How to Become a Veterinarian
Veterinarian Job Details
Skills and Qualities of a Veterinarian
Leading Organizations for Veterinarians
Top Cities for Veterinarian Jobs
Other Careers of Interest
Veterinarians are required to graduate from an accredited college of veterinary medicine with a Doctor of Veterinary Medicine degree (D.V.M. or V.M.D.). Veterinarians are also required to have a state license. Many of the doctorate programs do not require applicants to have a Bachelor's degree for admission into their programs. But they may require a significant number of science prerequisite courses (45 - 90 semester hours) at the undergraduate level. Candidates with a Bachelor's degree generally have a better chance for acceptance into a program. Applicants must also submit scores from their Graduate Record Examination (GRE), the Medical College Admission Test (MCAT), the Veterinary College Admission Test (VCAT), depending on the requirements of the college to which they are applying.
Some graduates will begin their practice after they receive their license, and some may choose to enter a one year internship which generally will lead to a higher paying position. Those wishing to receive a board certification will have to complete a 3 to 4 year residency program that provides intensive training in one of the 20 AVMA veterinary specialties. Due to the limited number of universities that offer a Doctor of Veterinary Medicine Degree, it may be difficult to obtain acceptance to one of the accredited universities. Training and good grades are very important in this highly competitive environment.
Veterinarians may care for health of pets, livestock, and animals in zoos, racetracks, and laboratories. Some conduct clinical research on human and animal health problems. Most veterinarians diagnose animal health problems, vaccinate against diseases such as rabies, medicate animals suffering from infections or illnesses, treat and dress wounds, set fractures, perform surgery, and advise about feeding, behavior, and breeding.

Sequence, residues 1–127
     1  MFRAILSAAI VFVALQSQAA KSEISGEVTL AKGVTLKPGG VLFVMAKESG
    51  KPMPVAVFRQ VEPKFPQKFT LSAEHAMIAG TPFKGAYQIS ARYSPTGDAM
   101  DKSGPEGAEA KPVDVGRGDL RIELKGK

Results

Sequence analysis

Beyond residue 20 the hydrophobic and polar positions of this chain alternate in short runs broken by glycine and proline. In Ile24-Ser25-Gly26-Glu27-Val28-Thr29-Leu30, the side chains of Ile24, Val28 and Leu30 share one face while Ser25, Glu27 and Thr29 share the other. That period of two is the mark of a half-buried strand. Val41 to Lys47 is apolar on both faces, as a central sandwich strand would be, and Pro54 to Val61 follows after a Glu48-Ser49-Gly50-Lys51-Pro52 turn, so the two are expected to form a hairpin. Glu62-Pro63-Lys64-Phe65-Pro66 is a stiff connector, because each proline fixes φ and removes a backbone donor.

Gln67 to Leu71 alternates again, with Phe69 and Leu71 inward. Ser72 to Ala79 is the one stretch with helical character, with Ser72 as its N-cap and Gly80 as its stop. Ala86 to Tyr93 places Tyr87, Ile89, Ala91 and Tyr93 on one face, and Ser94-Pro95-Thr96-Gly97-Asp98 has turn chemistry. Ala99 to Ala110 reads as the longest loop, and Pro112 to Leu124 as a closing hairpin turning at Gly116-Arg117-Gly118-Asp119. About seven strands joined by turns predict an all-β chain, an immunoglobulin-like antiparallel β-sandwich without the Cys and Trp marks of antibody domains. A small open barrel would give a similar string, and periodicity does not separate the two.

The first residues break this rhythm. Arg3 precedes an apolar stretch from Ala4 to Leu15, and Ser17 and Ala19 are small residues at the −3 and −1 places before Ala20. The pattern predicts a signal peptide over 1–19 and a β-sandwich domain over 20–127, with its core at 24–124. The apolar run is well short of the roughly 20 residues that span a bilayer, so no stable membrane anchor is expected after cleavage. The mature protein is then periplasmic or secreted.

Some common job titles are Veterinarian (Vet), Veterinary Medicine Doctor (DVM), Small Animal Veterinarian, Large Animal Veterinarian, Staff Veterinarian, Companion Animal Practitioner, Emergency Veterinarian, Medical Director, Mixed Animal Veterinarian, and Veterinary Intern.
Veterinarians should have a love for animals and the ability to communicate well with others. They must be able to deal with difficult matters, respond to medical emergencies, and be willing to work during non traditional working hours.
Most veterinarian schools have a high expectation of academic achievement.
Employment of veterinarians is expected to increase 35% over the 2006 - 16 decade. Employment opportunities are good in both cities and suburbs, but better in the rural areas because less people tend to compete for those positions.
Dr. James K. Payne of Tarpon Springs, Florida, received the AVMA Public Service Award for outstanding contributions to public health and regulatory veterinary medicine. He has assisted U.S. Congress with developing vital language used in the Wholesome Meat Act of 1967 and the Wholesome Poultry Act of 1968. He was a founding member of the American Association of Food Hygiene Veterinarians. He is also a diplomat of the American College of Veterinary Preventive Medicine (www.avma.org).
The American Veterinary Medical Foundation is the national foundation for veterinary medicine and animal health. It is designed to promote animal well-being and enhance medicine research efforts.
Phoenix, Arizona is the top city for general practice veterinarians. Riverside, California, Columbus, Ohio, Chicago, Illinois, Indianapolis, Indiana, and Los Angeles, California are also good cities for veterinarian careers.
Metropolitan areas with the highest concentration of veterinarians are Ames, Indiana, Ocala, Florida, Lawrence, Kansas, Lexington-Fayette, Kentucky, and Fort Collins-Loveland, Colorado.
Top paying metropolitan areas for veterinarians are Newark New Jersey, Union Pennsylvania, Bridgeport-Stamford-Norwalk Cincinnati, Oakland-Fremont-Hayward, California.
Job prospects are better for veterinarians who specialize in farm animals because of lower earnings in the farm animal specialty. Veterinarians with training in food safety and security, animal health and welfare, and public health and epidemiology should have best opportunities for a career in the Federal Government.
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